Point Lookout: a free weekly publication of Chaco Canyon Consulting
Volume 8, Issue 1;   January 2, 2008: Our Last Meeting Together

Our Last Meeting Together

by

You can find lots of tips for making meetings more effective — many at my own Web site. Most are directed toward the chair, or the facilitator if you have one. Here are some suggestions for everybody.

Wandering down the rabbit hole, or two people dueling, or problem-solving an issue that isn't ours to solve, are just three of the countless methods for converting productive meetings into frustrating time sinks. As meeting attendees, we can take more responsibility — and be more accountable — for meeting effectiveness. Here are some tips and insights for meeting attendees.

The rabbit that went down the rabbit hole

The rabbit that went down the rabbit hole. A colorized illustration from Alice's Adventures in Wonderland, by Lewis Carroll, from the original illustration by John Tenniel. The title of Chapter 1 of the book is "Down the Rabbit-Hole" and the illustration is from the first page. The phrase itself has been used metaphorically in many different contexts, but in describing group behavior in meetings, it refers to the phenomenon of straying from the immediate topic at hand, and entering into a prolonged discussion, often leading nowhere. Online editions of Alice are available at various Web sites, but this illustration is from the edition at www.gasl.org.

Prepare
Know what you're supposed to know. Don't fake it. If you aren't prepared, tell the chair in advance, privately, to enable agenda adjustment.
Arrive on time
If you know you'll be late, tell the chair. If you don't know in advance, phone or text someone. Don't make the others wait.
Leave space for your teammates
Unless you have specialized knowledge, you probably aren't the only one thinking whatever you're thinking. Let others contribute that thought. Offer it yourself only if nobody else does.
Ask rather than assert
Some of the most valuable contributions are questions. A good question can keep a group from making a serious mistake.
Identify rabbit holes and solution-monging
If you think the group might be lost down a rabbit-hole, or if they might be lost solving a problem they don't even own, say so. They're depending on you.
Stay on topic
Don't derail a productive discussion. If you have something that's off topic, save it for later. It might fit in another agenda item, or another meeting.
Abide by a three-exchange limit
If you get into a back-and-forth with someone, after you've "returned the ball" three times, stop. Everyone else probably tuned out after the second return.
Don't repeat yourself or anyone else
If something's been said once, that's enough. Repetition isn't persuasion.
Respect the chair
If something's been said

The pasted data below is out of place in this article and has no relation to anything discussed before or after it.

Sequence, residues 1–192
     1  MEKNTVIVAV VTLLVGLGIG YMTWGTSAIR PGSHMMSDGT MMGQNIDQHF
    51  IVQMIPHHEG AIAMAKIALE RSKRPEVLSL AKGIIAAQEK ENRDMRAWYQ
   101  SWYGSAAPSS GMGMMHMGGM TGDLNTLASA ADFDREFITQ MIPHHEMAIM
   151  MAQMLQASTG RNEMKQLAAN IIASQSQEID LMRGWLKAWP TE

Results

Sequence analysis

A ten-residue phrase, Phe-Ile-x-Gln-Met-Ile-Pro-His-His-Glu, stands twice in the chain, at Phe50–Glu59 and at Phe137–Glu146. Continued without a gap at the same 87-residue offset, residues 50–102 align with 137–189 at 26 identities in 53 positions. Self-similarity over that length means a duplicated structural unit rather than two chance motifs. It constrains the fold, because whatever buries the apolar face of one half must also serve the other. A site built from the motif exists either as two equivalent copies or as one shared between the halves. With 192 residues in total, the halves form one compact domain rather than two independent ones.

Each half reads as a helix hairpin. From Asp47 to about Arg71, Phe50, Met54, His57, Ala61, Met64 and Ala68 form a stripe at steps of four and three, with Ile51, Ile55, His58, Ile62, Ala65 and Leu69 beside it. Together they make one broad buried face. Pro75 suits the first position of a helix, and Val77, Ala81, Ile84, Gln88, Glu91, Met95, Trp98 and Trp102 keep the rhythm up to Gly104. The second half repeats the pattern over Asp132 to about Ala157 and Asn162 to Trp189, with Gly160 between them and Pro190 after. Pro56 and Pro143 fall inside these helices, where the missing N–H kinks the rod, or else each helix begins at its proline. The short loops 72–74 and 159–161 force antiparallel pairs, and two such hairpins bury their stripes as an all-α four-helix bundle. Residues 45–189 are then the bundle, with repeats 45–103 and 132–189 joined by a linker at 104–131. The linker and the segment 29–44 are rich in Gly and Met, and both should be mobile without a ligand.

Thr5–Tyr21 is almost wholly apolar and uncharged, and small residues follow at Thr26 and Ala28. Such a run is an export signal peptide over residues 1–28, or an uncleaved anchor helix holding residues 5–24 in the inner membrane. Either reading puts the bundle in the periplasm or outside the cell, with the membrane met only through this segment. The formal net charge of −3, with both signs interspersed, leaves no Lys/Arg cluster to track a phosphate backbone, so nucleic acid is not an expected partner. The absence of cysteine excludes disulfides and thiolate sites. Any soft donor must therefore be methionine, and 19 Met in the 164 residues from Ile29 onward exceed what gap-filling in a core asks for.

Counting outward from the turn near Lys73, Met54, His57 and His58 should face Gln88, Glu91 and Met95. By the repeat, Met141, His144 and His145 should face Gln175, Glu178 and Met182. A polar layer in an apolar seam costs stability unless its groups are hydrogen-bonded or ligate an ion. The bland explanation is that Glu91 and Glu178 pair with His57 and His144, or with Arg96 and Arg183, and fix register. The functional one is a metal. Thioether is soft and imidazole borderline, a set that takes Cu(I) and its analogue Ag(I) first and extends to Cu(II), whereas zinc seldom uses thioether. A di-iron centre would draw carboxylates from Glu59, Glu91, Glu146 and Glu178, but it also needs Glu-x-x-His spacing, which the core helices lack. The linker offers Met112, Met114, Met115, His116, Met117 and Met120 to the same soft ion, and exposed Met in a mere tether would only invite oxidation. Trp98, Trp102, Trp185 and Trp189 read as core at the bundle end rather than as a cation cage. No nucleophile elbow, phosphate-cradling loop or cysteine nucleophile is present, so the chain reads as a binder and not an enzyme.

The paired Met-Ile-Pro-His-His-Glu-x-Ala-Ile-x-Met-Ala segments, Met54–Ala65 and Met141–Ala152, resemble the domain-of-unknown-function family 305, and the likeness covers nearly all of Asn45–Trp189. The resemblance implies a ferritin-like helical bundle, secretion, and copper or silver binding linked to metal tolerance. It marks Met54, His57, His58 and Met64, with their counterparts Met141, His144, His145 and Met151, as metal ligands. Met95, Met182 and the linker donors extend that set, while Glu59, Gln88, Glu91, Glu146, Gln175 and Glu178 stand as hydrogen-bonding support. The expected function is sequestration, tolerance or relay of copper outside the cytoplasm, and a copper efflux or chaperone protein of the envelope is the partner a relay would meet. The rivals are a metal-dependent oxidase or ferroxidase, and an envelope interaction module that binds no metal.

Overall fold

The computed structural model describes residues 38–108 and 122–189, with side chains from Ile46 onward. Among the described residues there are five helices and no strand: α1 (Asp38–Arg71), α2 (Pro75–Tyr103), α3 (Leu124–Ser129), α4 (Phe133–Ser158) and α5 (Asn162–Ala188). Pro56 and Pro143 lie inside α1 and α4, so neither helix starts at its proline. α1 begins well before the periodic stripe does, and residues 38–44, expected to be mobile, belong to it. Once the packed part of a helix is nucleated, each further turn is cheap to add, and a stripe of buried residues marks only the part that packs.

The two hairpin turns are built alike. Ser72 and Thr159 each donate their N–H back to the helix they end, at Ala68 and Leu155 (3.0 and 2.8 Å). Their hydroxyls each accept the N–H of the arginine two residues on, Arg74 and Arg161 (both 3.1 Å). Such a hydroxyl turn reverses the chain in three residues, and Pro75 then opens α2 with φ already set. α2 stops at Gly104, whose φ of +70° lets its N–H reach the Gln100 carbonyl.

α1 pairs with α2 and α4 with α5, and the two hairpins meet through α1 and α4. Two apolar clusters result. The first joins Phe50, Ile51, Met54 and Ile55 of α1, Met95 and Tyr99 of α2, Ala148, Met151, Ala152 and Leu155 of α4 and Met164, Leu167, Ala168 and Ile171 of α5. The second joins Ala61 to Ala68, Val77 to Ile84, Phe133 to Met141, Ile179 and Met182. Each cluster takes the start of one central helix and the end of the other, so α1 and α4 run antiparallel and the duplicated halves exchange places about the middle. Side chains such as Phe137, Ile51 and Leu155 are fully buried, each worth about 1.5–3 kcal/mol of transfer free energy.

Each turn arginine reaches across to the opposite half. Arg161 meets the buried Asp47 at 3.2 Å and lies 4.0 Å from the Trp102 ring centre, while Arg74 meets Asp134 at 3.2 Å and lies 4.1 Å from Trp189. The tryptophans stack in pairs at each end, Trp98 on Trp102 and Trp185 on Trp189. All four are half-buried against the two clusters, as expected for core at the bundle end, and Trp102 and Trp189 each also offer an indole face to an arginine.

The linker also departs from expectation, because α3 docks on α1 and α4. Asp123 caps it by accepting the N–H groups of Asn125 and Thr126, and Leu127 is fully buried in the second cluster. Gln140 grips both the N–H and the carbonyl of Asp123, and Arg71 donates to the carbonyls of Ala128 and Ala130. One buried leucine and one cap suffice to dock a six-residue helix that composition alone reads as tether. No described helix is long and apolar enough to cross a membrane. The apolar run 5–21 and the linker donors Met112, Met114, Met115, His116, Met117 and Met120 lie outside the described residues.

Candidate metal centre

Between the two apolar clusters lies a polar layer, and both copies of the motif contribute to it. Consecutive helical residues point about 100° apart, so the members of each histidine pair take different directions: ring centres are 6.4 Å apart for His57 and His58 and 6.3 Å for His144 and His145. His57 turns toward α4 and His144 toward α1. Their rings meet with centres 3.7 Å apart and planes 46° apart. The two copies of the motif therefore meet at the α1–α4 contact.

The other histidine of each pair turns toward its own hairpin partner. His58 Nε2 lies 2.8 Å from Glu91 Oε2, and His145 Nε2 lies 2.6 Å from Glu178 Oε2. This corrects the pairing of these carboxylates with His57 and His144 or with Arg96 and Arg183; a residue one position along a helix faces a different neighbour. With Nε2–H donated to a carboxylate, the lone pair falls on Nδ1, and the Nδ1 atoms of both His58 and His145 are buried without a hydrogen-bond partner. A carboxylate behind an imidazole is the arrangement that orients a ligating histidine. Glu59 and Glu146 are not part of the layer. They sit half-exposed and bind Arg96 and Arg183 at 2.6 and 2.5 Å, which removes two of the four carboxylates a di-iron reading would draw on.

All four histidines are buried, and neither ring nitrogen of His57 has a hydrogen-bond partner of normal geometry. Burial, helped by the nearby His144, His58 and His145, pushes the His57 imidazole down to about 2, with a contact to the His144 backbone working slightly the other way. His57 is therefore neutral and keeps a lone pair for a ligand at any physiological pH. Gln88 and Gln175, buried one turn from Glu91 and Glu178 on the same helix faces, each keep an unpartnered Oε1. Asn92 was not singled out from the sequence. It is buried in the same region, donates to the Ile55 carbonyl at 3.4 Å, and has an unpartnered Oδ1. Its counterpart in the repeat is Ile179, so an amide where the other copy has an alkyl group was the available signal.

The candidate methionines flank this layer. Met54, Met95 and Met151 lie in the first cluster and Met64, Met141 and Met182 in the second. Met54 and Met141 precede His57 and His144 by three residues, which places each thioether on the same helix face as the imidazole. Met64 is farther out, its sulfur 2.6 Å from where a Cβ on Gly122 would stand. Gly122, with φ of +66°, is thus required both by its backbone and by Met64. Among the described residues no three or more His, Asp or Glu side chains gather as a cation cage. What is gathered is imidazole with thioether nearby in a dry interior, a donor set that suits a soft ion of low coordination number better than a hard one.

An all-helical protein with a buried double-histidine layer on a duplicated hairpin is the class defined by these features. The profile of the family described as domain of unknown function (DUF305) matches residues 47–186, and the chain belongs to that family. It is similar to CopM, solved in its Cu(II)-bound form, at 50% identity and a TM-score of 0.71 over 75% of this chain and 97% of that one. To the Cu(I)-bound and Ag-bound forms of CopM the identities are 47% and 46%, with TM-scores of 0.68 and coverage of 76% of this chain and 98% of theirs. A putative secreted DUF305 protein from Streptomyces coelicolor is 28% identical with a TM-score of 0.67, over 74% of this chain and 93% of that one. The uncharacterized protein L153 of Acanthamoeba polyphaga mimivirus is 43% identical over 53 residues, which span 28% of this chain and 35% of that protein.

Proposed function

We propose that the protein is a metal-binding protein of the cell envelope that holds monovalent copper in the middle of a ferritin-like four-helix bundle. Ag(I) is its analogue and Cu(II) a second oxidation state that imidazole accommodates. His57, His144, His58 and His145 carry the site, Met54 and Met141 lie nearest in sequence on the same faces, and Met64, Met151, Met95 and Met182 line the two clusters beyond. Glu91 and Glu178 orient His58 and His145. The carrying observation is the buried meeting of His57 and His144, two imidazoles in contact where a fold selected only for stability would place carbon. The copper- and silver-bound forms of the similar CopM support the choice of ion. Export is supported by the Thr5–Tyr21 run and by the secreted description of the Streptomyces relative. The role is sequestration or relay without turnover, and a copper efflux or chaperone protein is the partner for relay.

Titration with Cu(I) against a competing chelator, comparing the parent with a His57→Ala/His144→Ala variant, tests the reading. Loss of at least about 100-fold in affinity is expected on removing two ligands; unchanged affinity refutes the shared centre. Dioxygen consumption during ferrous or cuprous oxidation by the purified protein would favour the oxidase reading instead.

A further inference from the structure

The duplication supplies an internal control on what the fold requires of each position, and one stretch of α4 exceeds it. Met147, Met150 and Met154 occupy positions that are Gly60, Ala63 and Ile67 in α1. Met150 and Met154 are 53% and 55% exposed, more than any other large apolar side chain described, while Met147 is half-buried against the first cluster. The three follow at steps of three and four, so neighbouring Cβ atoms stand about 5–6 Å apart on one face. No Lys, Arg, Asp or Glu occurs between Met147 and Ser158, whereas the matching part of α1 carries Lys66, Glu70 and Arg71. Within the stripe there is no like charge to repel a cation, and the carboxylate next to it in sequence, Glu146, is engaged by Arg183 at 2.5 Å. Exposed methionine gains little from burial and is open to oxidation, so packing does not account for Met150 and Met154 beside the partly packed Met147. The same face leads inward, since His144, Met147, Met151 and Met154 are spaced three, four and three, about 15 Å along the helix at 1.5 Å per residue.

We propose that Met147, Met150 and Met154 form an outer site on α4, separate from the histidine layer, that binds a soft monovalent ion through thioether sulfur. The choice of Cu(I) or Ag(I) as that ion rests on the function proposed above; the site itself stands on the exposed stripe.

once, that's enough.
Repetition isn't persuasion.
The chair (or the chair's designee) owns the process. The chair determines who speaks, in what order, and for how long. The chair determines what goes in the parking lot and what doesn't. If you disagree, invoke a "process check."
Suggesting the best way probably won't help
Contributions of the form "I believe this way is best" are almost worthless. Rarely is there one best way.
Not speaking is extremely helpful
If you're talking, you're keeping things open. Speak only if you think your contribution will significantly enhance the result or the process.
Discussing the discussion is expensive
Adjusting the order of topics might help, but discussing the discussion is an expense, too. The net value added by discussing the discussion is marginal at best.

Most important, approach every meeting as if it were your last meeting together. Pretend that you're leaving the company. Make this next meeting a good one and make sure we all part friends. If you take every meeting one at a time with that point of view, things will probably get better — or as good as you can make them. Go to top Top  Next issue: Towards More Gracious Disagreement  Next Issue

101 Tips for Effective MeetingsDo you spend your days scurrying from meeting to meeting? Do you ever wonder if all these meetings are really necessary? (They aren't) Or whether there isn't some better way to get this work done? (There is) Read 101 Tips for Effective Meetings to learn how to make meetings much more productive and less stressful — and a lot more rare. Order Now!

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See also Personal, Team, and Organizational Effectiveness, Effective Meetings and Effective Communication at Work for more related articles.

Forthcoming issues of Point Lookout

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When projects overrun their budgets and/or schedules, we sometimes "downscope" to save time and money. The tactic can succeed — and fail. Three common anti-patterns involve politics, the sunk cost effect, and cognitive biases that distort estimates. Available here and by RSS on October 5.
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We sometimes "downscope" projects to bring them back on budget and schedule when they're headed for overruns. Downscoping doesn't always work. Cognitive biases like the sunk cost effect and confirmation bias can distort decisions about how to downscope. Available here and by RSS on October 12.

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